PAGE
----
15 kV GTO Thyristor Module for Use in Small, Highly Efficient Current Source Inverters Utilizing AC-LinkTM Technology

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Department of Energy
Award Year:
Phase I
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Small Business Information
United Silicon Carbide, Inc.
7 Deer Park Drive,, Suite E, Monmouth Junction, NJ, 08852-1921
Hubzone Owned:
Socially and Economically Disadvantaged:
Woman Owned:
Principal Investigator
 John Hostetler
 (732) 355-0550
Business Contact
 Scott Kelly
Title: Mr.
Phone: (732) 355-0550
Email: skelly@unitedsic.com
Research Institution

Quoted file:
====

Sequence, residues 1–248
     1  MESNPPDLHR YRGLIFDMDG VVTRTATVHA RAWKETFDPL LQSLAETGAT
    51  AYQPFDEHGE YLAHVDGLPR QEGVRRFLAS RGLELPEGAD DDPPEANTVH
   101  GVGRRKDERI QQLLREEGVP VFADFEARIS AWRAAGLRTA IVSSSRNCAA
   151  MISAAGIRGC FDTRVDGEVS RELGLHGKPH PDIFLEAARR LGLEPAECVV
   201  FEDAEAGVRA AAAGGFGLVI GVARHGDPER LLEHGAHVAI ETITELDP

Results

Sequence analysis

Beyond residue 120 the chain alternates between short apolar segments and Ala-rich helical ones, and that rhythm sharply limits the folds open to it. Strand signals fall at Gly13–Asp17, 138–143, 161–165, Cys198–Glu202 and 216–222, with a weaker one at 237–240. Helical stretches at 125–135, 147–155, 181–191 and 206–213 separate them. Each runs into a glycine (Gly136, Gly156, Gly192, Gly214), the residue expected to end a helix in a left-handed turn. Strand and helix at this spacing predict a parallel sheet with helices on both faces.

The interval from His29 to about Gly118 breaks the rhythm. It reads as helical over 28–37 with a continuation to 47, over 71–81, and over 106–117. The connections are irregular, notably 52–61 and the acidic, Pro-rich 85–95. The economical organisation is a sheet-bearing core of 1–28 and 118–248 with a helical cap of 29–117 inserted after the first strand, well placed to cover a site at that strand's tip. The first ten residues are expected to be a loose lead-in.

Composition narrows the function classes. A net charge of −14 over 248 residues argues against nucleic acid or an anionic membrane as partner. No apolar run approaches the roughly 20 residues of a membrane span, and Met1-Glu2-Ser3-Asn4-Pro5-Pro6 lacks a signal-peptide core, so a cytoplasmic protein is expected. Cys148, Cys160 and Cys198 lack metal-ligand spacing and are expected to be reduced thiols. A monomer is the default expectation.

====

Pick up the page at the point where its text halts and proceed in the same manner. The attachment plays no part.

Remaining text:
Renewable energy resources are being adopted by government entities, utility power providers and more recently by industrial behind-the-meter end-users as well. Solar power is attractive especially in areas where electricity costs are high, such as California and New Jersey. New Jersey is interesting in that its solar insolation is mild compared to the rest of the country, yet it ranks 2nd in the implementation of solar power, only behind California. Private companies are adopting large solar farms to provide greater than 80% of their power due to the high cost of electricity in this region. For example, McGraw Hill and Shiseido, both located in East Windsor, NJ, have built 14 MW and 1.4 MW solar farms, respectively. The market represented by these types of forward thinking companies creates a working model for more wide scale adoption in the private sector as well as local municipalities to implement solar power in highly populated areas where solar insolation is low, but where transmission is minimized. The key to gaining more wide spread adoption of solar power is to lower the cost of not only solar modules, but ancillary equipment as well, i.e. power inverters and storage systems for intermediate scales (100kW-10MW). Currently, the cost of power inversion falls around $0.20 to $0.30 per watt depending on the scale of the deployment. The cost of power conversion is limited by the abilities of silicon switches to operate at higher voltages and faster frequencies. The impact of a medium voltage switch ( & gt; 15 kV) could greatly shrink the weight and cost of power converters by reducing cable size, transformer size, and eliminating forced convection cooling systems all together. To address topic 5b, USCi and Princeton Power Systems propose to fabricate a switch module that is rated at 15 kV, thus usable for switching voltages up to ~11 kV. Adopting a bipolar p-type SiC-GTO approach coupled with the AC-linkTM topology allows the device to switch in the medium voltage range while maintaining low losses and a high switching speed (~10 KHz). Switching at medium voltages allows the current to be reduced drastically by a factor of ~10, thus impacting every other component in the inverter. The proposed module will provide a significantly smaller, more efficient and lower cost solution for converters/inverters for utility scale smart grid and energy management applications. The proposal will outline USCis approach to realize a prototype (TRL 5) switch module where the epitaxial growth and device fabrication will be performed at USCis wafer fab in Princeton, NJ. Phase I will focus on the device and module designs, proof of 15 kV packaging fundamentals as well as the epitaxial growth. Phase II will involve device processing, module assembly and proof of performance. In addition, USCi will obtain critical application requirements by consulting with Princeton Power Systems, also located in Princeton and offer state-of-the-art commercial power conversion technology for PV systems.

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